We have to get out of this spiral of violence. It’s clear that for the Turkish society this is the leading problem—for “Turks,” for “Kurds,” and for others. Let us not forget, the past is an integral part of today. As Arendt reminds us, if evil has been experienced once, there’s absolutely no reason for it not to reoccur. Experiences are recorded in the consciousness and they are as much about the past as they are about the future. Therefore, getting out of this spiral is only possible by reevaluating the workings of the wheel of politics that reproduces violence in different ways every day, by questioning the roots of the state, the nation, and our identities which are all founded on the genocide, by asking ourselves questions about what our grandfathers did.
We are only at the beginning of this difficult journey of asking ourselves difficult questions and of self-scrutiny. But we set out to do this and we can’t go back.
It’s a difficult but an inevitable journey…
My journey began upon learning my grandmother’s story. Her story was about a 9-year-old girl who witnessed cruelty, atrocities, massacres, looting, and horrible pain.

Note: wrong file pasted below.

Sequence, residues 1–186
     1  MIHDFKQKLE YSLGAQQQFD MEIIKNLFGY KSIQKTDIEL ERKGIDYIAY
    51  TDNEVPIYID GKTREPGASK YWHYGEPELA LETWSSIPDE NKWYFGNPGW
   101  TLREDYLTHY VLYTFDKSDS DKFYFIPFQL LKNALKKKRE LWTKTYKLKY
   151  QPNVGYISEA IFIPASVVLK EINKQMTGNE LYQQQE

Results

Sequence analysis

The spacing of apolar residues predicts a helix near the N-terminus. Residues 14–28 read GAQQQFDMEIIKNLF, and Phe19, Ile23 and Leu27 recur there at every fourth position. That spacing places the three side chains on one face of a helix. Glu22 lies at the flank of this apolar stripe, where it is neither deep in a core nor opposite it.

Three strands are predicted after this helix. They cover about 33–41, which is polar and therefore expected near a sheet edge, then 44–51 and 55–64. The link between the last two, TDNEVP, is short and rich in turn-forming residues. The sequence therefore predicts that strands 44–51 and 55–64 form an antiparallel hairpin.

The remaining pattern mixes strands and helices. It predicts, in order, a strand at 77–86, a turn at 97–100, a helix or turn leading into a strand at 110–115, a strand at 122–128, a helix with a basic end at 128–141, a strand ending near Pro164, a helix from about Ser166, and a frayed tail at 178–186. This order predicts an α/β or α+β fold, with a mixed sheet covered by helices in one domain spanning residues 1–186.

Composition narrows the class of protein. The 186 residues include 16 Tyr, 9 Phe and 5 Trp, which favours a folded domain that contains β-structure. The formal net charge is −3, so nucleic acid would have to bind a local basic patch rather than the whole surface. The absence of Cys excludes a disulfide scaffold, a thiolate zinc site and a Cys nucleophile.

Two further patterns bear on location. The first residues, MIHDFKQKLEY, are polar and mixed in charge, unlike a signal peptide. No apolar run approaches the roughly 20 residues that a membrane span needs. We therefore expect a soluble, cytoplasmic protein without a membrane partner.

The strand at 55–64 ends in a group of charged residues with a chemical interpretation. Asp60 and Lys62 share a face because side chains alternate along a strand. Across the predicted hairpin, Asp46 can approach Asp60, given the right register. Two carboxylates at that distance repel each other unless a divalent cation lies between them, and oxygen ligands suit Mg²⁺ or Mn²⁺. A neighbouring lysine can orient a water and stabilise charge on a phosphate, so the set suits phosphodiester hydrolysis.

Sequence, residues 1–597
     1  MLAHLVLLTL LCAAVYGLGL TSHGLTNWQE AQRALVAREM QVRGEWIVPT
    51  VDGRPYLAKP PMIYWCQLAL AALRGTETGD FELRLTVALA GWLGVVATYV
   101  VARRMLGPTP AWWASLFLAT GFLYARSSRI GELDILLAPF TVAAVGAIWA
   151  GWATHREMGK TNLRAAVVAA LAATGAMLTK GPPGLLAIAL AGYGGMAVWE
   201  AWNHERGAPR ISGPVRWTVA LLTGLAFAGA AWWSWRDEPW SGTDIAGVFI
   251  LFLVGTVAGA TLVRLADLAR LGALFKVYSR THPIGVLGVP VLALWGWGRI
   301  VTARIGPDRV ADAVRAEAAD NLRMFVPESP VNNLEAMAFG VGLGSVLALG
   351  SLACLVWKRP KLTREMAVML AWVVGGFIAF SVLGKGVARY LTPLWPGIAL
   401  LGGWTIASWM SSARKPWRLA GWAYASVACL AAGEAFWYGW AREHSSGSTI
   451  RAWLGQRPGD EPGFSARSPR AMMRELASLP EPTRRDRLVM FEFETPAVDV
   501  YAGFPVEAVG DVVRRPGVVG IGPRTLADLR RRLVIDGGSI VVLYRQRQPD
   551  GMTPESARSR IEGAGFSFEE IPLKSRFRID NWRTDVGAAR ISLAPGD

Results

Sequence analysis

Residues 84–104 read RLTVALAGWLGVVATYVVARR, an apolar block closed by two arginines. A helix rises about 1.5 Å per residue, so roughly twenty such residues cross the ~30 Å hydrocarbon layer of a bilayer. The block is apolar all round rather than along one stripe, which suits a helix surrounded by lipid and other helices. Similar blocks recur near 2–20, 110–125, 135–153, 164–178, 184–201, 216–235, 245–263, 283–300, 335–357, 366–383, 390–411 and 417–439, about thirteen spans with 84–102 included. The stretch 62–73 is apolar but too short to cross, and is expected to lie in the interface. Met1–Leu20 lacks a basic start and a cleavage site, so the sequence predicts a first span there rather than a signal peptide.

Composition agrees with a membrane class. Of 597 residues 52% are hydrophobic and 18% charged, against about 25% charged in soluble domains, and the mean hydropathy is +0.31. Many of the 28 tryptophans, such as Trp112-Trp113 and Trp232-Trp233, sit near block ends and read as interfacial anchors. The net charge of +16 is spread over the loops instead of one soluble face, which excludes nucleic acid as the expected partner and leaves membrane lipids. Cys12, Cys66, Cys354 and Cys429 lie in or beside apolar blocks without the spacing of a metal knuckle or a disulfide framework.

The price of survival meant being taken away from her mother, from the world she knew and trusted, by being thrown among the people who killed her loved ones or who were the onlookers as this atrocity was committed. It meant losing her language, her religion, her name, and her voice. Until she told me her story I knew nothing about the shameful pages of our recent history. What I learned shocked me and elicited feelings of anger and revolt. But since the issue was neither discussed in the public sphere nor talked about in private, I lacked both the political context and the awareness to make sense of what I’ve learned.
What moved me first, was my grandmother’s decades-long silence. She was silent for years, but she forgot nothing; she didn’t forget the names of her mother, father, grandfather, village, and even the name of the head of her village and their experiences. It was as if she repeated everything to herself all these years as not to forget and to be able to tell her story one day. That touched me the most.
I started to share what I had learned with people close to me, and especially with my socialist friends. What caught my attention was the fact that almost everyone had similar stories and that peoples’ voices became whispers when they shared them. The silence was not only that of grandmothers, it was also the silence of a whole society.